With both Passover and Easter just around the corner, it’s the perfect time to pay tribute to the only food common to both holidays: the egg! In Pagan times, eggs represented the rebirth of the earth after winter. A roasted egg carries many meanings on a Passover Seder plate, including Springtime and the cycle of life. Since 70 A.D., the egg has also symbolically replaced animal sacrifice during the Passover celebration. For the Christian celebration of Easter, eggs symbolize the rebirth of man. Polish legend attaches the egg to Easter, and decorating eggs for Easter was a household custom in Medieval England. Although the Ukrainians are famous for their intricate layering of wax and dye, the most famous decorated egg is the Faberge from Russia. 57 Faberge eggs were made in total from precious metals like gold and platinum. In 1994, one of these 57 eggs was acquired at an auction for $5.5 million. If Russia has the most expensive eggs, China, the world’s leading producer of eggs, has the oldest: one-hundred year old eggs are a culinary delicacy in China.
It’s little wonder why the egg holds such historical and cultural significance around the world. Eggs are little nutritional powerhouses: they pack 10 percent of your daily protein into 70 calories. If you think about it, the actual structure of an egg is pretty amazing. Did you ever wonder why hard boiled eggs have a round tip and a flat tip? That flat tip is the result of an air cell, which forms as an egg cools after being laid. The egg white itself is called the albumen and contains over 50 percent of an egg’s protein. The older the egg, the runnier the albumen, so if your omelet spreads out like runny water in the pan, you should check the expiration date on your carton. Moving onto the shell . . . in spite of popular belief, there is nothing special about the color of an eggshell. White eggs are not “better” than brown eggs, or vice versa. Shell color is the result of the breed of hen that laid the egg; it is not an indicator of egg quality.
So. now that you have an egg, what do you do with it? Sure, you can scramble, fry, boil or poach an egg with a little salt and pepper, but that’s pretty boring. Eggs don’t have to only be eaten for breakfast. At lunchtime, there are unlimited possibilities in the world of quiche, which can be made with or without a crust, although the crustless quiche has a more firm, floury custard than the quiche with a crust. Quiche Lorraine with ham and swiss is practically a staple, but other variations like spinach/ricotta and leek/fontina are great for vegetarians. Don’t have enough time for a quiche? Try making a frittata. These massive marvels are similar to omelets since they are made in a frying pan on the stove. Unlike an omelet, a frittata is made with cream and is so thick that you can’t flip it – you have to finish it off in the stove. Eggs also make wonderful appetizers. Although deviled eggs are wonderful, they too are also boring. Try making avgolemono, a Greek egg-lemon soup. I’ve seen everything from chicken to meatballs added to this soup, which is made by blending raw eggs, lemon juice and chicken broth and heating just before the boiling point. Of course, there are also egg dishes that fall into the netherworld of both entrée and dessert. Both soufflé and sformati (a less airy soufflé) can be served either savory or sweet, although both are famous for being temperamental. If the eggs aren’t whipped just right, the soufflé/sformati won’t rise.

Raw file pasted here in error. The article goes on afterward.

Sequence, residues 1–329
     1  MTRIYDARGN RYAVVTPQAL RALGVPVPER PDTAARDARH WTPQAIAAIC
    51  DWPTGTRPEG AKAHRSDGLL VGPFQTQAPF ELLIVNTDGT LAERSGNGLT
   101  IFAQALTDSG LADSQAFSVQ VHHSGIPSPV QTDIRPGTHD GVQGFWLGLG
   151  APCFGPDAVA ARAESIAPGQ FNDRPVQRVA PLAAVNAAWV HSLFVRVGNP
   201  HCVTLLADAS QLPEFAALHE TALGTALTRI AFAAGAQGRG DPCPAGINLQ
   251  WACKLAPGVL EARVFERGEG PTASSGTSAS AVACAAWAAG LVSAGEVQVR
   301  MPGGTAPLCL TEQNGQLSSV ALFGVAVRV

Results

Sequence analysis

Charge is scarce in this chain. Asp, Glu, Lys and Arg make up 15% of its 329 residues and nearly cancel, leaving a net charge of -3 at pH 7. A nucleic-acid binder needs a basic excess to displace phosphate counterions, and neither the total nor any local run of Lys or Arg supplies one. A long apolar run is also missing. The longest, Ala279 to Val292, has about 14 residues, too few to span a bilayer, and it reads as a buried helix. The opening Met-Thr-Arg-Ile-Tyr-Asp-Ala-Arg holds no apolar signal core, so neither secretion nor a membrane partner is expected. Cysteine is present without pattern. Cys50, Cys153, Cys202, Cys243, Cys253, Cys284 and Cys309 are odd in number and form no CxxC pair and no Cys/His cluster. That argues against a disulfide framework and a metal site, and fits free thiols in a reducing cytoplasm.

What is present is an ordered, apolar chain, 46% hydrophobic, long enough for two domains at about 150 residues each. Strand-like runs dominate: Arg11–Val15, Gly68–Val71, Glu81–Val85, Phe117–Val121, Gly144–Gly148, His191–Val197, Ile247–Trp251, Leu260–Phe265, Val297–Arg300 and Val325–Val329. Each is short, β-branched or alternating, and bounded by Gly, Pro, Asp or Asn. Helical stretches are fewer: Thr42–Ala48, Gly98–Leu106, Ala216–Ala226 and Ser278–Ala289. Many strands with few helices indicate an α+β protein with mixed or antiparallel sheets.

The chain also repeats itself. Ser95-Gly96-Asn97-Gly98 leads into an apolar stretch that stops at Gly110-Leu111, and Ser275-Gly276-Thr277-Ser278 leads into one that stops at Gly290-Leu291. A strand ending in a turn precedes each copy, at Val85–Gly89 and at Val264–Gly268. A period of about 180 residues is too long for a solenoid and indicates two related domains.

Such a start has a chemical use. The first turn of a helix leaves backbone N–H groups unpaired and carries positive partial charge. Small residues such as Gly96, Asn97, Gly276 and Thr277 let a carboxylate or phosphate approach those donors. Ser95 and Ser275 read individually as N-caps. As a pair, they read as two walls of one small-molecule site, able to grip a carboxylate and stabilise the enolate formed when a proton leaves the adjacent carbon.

Onto the sweet side: we all know you can’t bake a decent piece of pastry or confection without eggs, but did you know that the cream in tiramisu is made partially with tempered egg yolks? True, there are recipes that skip the eggs, but those recipes lack the soft consistency and vanilla flavor imparted by the egg yolk. And, of course, you can’t make flan without eggs. A decent flan recipe will include around eight eggs. Caramel flan sets the bar, but interesting flavors like cherry chocolate and pumpkin have been popping up lately. A note to novice bakers: when a recipe tells you to cook your dessert in a water bath, don’t skip that step, or else your custard will boil. Boiled yolk custard resembles a chewy lab experiment, giving a whole new meaning to “I do not like green eggs and ham/ I do not like them/ Sam, I am.”
There you have it: more information than you ever thought you’d read in five minutes about a single, albeit versatile, food. For those who celebrate Passover and Easter, happy holidays. For those of you who don’t partake in either of these holidays, there’s no need to feel left out: the egg is also symbolic of springtime, an occasion that every Cornellian should celebrate. Last
one outside’s a rotten egg!
Archived article by Anna Fishman